One thing we've learned from the hearing: Parents need to teach boys not to disrespect or sexually assault girls

One thing we've learned from the hearing: Parents need to teach boys not to disrespect or sexually assault girls

This is not about the accusations made against Judge Brett Kavanaugh nor directly about the hearing. While I have my opinions about all of it, I won't express them here. For now, I’ll leave that job to others.

The hearing, along with Trump's ridiculous tweets questioning why Christine Blasey Ford didn't report the attack immediately, and the #MeToo movement, in general, has led me to ask one critical question:

Why, all these years, has it been acceptable for boys and young men to bully, belittle, disrespect and sexually harass or assault girls?

Why have we given boys a hall pass because, well, they're boys? Of course, not all boys are guilty, but enough of them are that many, many women are now telling their stories.

Think about the lame excuses/cliches/platitudes we've heard when we find out that a man has done a despicable act to a female when he was a boy.

"He was young. He didn't know better."

"He was drinking. All teenagers drink."

"Boys will be boys." 

"They have raging hormones. They can't help themselves."

"Boys have to sow their wild oats."

If we are aghast by grown men doing sexually inappropriate/immoral/violent/illegal things to women, why has it been OK (or at least tolerated) for boys to do them?

Among my Facebook friends and fellow bloggers, women are coming out of the closet in mass to talk about why they have not opened up previously about having been sexually assaulted when they were younger.

They said they were embarrassed. Ashamed. They thought they'd get in trouble. Or wouldn’t be believed. Yes, their answers were similar. And totally understandable, I might add, especially to those of us who are in the #MeToo club, a club we never wanted to be a member of.

Now the floodgates have opened. Women are talking about specific incidents when they were used by boys and young men for their sexual amusement.

Just when many of us thought we were alone with our dirty little secrets, we're learning we're not. Women in my social media circle report:

Having had a relative grind his genitals into hers when she was a teenager.

Being slipped a date-rape drug.

Being grabbed and kissed in a sexual manner by her father's friend.

Being mauled by a college professor.

Tribune writer Alison Bowen wrote an op-ed piece  about being groped by a stranger while walking along Michigan Avenue.

Me? I wrote about several occurrences in a piece that appeared on Huffington Post, including the time I was pinned down on my bed by an acquaintance and feared being raped. Like Blasey Ford, my would-be rapist was drunk and, in my case, too drunk to do more.

Men have mostly remained mute about the subject. In a way, I get it. The few who have spoken out have been viciously attacked on Twitter and Facebook. Who wants that?

But I'd really like to understand why some men felt (feel) entitled to do these creepy, horrible things to girls and women. Are boys and men mere animals who can't control their urges (similar to Beau, my family's long-gone toy poodle, who used to hump anyone and everything in sight)?

Some religions seem to think so, requiring females to cover up in the presence of men other than their husbands--as if a woman donning ordinary street clothes might incite a man to do who-knows-what.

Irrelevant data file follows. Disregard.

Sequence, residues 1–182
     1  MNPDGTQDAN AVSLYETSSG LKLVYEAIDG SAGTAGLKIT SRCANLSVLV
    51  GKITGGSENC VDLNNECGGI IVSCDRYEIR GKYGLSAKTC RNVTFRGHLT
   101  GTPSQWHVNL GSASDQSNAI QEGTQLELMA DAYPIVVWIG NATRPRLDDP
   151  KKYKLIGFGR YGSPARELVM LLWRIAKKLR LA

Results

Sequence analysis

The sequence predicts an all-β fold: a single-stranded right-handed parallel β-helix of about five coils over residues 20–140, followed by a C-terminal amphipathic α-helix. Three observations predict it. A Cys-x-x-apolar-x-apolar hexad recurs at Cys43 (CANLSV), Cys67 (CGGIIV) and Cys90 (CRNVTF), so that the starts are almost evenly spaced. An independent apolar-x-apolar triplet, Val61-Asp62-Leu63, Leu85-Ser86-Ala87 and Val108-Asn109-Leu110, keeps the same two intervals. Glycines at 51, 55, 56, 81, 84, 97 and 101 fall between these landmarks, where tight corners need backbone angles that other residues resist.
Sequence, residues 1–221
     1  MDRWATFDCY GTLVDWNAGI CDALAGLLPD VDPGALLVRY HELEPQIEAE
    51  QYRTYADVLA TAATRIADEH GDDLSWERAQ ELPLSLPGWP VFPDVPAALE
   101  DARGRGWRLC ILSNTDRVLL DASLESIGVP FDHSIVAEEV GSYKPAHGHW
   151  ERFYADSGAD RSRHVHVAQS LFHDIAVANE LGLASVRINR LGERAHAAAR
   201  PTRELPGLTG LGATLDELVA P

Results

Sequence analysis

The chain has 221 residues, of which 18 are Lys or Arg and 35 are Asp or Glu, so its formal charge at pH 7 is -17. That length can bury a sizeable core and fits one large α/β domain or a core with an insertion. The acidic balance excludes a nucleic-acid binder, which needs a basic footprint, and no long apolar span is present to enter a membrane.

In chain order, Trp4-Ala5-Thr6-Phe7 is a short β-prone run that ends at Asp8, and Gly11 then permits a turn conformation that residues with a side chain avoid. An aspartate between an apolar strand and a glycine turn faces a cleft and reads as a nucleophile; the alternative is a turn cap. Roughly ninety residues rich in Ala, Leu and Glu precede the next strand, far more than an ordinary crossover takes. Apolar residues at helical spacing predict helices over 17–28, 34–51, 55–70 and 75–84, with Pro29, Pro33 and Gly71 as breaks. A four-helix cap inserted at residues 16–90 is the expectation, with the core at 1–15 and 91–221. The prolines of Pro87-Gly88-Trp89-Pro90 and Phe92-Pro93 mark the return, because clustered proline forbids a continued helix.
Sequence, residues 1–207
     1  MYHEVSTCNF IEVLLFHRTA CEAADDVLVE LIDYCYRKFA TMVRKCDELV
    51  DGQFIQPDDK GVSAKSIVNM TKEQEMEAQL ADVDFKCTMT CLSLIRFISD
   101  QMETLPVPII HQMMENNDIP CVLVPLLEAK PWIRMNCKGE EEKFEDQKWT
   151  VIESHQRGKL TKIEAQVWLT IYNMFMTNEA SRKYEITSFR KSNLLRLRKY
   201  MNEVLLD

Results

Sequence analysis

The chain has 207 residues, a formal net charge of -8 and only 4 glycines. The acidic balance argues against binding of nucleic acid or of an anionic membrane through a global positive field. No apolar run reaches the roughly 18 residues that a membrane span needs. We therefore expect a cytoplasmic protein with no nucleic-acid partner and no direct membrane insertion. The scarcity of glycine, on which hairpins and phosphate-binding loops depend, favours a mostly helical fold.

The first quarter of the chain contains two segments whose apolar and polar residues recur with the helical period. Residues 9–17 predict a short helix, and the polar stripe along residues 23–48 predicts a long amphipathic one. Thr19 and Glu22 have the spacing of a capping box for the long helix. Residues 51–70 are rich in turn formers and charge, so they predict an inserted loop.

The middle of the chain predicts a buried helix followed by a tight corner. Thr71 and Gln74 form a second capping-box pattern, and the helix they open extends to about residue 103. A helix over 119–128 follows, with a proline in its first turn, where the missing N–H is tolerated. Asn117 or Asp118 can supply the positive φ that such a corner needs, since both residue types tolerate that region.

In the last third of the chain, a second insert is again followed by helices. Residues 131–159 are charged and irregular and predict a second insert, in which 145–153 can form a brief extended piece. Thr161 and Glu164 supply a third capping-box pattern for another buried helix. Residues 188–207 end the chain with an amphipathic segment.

Maybe if we nip it in the bud, male bad behavior against girls and women will become rare, unusual occurrences instead of what we now know has been something many of us have experienced.

Parents: Even if your boys are sweet, kind, virtuous beings, you need to engage in real, honest conversations with them about the importance of treating females with respect. About the fact that no means no. About how kids need they to be upstanders instead of bystanders if another boy does or says something they know is wrong to a girl.

Have you had a talk with your boys about it? If you haven't, there's never been a better time to begin. I say begin the conversation because I see it as something ongoing and age-appropriate throughout your boys' childhood and young manhood.

If not for the sake and safety of girls and women everywhere, boys need to know that there are consequences to doing evil things to females.

Sadly, things are not going to change on a grand scale today or even tomorrow. But change, yes, it's a-coming.  Because we're not going to shut up. Because we're mad as hell and we're not going to take it anymore. Males, consider yourselves warned: The floodgates have opened.

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  • I was sodomized as a seven-year old by a male friend of the family. It was over 50 years ago. I've written about it in these pages. I remember every damned detail, including how his mother beat me before I could leave. I know how I got there and how I got home. I know where he is today. Dan, in, Phoenix, yes I do know.

    This is to say that I would not have any fuzzy memories. I would be accusing the right man.

    The second lesson we learn from this is that a man is now guilty until proven innocent. The Senators words, not mine. So parents can teach their boys the right behavior but it won't matter if a women might be mistaken. Or lies. Like Emit Till's accuser lied.

  • Thanks for sharing your story, Richard.

  • Until men of my generation make amends they will live forever under a cloud of shame. My post this week is very much aligned with yours. http://www.chicagonow.com/cheating-death/2018/09/brett-kavanaugh-is-denying-the-shameful-truth-joining-clarence-thomas-orin-hatch-chuck-grassley-and-the-loathsome-men-who-vilify-our-judiciary/

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